According to the National Pawnbrokers Association, 7.4% of all US households have frequented a pawn shop. This figure jumps up to 40% among lower-income earners, who often don’t have enough cash on hand to cover a $400 emergency expense.

The average pawn shop loan is just $150 — but even a small loan can rack up considerable interest fees for someone in financial straits.  

When Christine Luken, a counselor in Cincinnati, fell on tough times, she took her grandmother’s ring to a pawn shop and was given a $150 loan. “I had to pay $30 a month in interest,” she told the website Student Loan Hero. “I ended up paying interest on it for 24 months, $720 in total. That’s 480% of what I originally borrowed.”

Pawn shop interest rates vary from state to state. In California, the limit is 2.5%/month (30% APR); in Alabama, it’s 25%/month (300% APR) — high enough to be considered predatory, but not quite as bad as a payday or title loan.

In 85% of all cases, customers are able to pay back their loans. But when they don’t, the pawn shop still makes money by selling the collateral.

To get a better sense of what a pawn shop’s revenue breakdown looks like, we took a look through the most recent annual report for EZCorp, Inc., one of America’s largest pawn shop chains.

Among its 500+ US shops, 63% of all revenue comes from loans and fees (which range from 13% to 25%), and 34% comes from selling the collateral.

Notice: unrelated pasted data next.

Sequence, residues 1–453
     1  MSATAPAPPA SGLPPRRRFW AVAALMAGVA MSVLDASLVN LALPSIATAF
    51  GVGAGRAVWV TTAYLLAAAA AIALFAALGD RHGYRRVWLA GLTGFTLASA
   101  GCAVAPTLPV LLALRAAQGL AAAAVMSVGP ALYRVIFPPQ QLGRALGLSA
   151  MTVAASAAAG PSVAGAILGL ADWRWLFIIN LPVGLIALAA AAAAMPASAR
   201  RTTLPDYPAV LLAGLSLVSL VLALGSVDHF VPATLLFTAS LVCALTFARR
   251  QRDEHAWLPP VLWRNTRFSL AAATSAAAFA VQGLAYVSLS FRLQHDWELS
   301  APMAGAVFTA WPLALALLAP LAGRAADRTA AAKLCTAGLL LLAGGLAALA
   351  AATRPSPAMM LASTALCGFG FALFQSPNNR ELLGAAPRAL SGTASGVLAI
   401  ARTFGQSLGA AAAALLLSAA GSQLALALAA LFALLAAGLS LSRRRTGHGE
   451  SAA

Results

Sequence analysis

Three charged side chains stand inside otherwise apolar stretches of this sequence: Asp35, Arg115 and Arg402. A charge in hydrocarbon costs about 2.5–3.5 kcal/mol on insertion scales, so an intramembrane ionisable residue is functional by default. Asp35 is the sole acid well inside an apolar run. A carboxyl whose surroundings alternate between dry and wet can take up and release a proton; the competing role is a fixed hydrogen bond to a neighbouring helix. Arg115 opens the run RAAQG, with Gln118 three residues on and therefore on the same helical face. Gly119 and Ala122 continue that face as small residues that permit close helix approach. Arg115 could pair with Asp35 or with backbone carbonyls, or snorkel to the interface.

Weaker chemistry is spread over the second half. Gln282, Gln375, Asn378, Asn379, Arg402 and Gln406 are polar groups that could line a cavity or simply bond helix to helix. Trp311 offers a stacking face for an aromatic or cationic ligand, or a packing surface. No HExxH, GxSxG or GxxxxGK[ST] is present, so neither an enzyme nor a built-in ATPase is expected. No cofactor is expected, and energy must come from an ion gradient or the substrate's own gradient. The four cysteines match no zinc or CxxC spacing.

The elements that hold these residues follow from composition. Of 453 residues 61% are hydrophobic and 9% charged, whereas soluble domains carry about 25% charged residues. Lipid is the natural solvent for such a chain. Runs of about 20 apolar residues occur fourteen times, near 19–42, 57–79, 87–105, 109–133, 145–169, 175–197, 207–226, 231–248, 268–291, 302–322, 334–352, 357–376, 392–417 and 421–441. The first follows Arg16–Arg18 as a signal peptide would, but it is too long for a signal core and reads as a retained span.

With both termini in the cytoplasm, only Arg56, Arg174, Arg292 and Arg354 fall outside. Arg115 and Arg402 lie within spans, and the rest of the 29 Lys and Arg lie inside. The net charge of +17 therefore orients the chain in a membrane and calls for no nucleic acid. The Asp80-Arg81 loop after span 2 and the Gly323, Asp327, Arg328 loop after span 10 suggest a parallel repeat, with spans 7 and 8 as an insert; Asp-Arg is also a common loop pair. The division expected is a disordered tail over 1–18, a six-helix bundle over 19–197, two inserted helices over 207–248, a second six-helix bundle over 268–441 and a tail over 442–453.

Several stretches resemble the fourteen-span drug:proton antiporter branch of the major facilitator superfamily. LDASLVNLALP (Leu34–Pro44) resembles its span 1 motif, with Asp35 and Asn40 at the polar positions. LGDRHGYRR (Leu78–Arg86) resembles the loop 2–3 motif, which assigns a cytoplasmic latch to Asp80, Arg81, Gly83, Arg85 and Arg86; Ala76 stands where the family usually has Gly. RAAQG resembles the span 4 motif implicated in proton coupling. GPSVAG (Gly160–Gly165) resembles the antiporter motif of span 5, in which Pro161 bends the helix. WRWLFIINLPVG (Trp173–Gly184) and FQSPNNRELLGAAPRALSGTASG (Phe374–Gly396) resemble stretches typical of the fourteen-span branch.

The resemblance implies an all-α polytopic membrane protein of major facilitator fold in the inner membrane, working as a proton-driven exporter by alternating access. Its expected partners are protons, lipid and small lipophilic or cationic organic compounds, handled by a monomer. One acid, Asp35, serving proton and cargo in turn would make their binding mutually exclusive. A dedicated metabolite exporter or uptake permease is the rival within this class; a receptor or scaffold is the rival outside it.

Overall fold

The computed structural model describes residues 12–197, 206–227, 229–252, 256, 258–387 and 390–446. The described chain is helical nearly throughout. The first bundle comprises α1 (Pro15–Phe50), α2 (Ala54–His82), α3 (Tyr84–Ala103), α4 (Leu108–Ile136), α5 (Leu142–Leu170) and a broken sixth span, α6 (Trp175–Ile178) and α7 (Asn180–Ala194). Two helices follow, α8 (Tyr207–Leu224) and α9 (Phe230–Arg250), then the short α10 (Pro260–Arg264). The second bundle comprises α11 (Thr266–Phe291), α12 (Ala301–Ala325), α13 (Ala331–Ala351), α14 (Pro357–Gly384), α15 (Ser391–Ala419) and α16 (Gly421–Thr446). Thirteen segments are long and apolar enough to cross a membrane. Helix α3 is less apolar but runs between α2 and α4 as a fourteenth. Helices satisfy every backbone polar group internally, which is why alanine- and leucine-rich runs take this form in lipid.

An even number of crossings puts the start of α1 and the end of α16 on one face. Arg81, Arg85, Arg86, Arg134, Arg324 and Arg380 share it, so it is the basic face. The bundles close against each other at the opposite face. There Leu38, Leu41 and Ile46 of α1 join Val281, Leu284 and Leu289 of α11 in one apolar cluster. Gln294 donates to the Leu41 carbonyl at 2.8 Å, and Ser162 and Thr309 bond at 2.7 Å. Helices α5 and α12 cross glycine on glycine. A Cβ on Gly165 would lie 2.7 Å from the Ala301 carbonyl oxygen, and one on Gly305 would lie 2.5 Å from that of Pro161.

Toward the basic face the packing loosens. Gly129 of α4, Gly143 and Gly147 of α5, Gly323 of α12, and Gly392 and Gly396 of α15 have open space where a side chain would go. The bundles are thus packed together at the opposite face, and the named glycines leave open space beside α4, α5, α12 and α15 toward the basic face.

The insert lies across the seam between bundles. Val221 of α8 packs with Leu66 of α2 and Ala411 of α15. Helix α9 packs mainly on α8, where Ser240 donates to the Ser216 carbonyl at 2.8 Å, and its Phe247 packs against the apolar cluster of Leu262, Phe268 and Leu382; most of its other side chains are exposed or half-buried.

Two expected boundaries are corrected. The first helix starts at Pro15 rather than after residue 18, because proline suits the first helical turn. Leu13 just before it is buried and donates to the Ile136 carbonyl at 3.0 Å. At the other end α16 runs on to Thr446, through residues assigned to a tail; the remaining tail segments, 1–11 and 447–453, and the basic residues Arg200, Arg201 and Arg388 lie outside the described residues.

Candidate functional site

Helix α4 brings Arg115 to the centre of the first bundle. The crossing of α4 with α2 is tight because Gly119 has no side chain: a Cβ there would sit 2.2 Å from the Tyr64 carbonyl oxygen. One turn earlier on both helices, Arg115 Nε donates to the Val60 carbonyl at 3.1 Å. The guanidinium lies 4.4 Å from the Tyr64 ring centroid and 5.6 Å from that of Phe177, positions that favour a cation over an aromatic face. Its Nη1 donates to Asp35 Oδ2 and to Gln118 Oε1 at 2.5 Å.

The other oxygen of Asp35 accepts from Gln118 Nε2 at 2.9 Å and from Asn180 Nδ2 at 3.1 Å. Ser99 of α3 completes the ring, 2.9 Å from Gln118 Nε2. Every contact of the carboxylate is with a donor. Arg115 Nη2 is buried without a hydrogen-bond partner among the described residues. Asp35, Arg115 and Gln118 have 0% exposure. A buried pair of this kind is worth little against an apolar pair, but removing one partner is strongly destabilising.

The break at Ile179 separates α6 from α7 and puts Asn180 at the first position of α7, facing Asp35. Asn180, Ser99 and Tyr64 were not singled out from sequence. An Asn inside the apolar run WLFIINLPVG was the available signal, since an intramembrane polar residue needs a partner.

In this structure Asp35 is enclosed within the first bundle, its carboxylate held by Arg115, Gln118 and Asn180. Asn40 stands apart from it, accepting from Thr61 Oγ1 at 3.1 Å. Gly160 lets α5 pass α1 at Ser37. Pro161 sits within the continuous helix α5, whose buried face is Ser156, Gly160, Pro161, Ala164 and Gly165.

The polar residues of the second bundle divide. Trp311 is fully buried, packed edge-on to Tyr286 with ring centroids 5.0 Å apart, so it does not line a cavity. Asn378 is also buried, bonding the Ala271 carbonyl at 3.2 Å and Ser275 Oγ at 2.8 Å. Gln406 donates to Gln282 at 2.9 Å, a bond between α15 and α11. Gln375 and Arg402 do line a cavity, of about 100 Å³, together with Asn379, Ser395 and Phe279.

Zachary Crockett / The Hustle

The items that come through a pawn shop’s door can be alarming. We spoke to owners who’ve been offered gold fillings, glass eyes, and even a replica of Noah’s Ark made out of popsicle sticks.

A 20-year veteran of the pawn shop business, Rodriguez has seen his share of weird stuff: NCAA football national championship rings, 19th-century firearms, rare guitars, and $10k watches.

Overall, though, run-of-the-mill electronics and jewelry are the most commonly pawned goods.

Zachary Crockett / The Hustle (data via PawnGuru)

When working out what kind of loan to offer a customer, a pawnbroker like Rodriguez will assess the resale value of the item and how easy it will be to sell in case the owner doesn’t come back for it.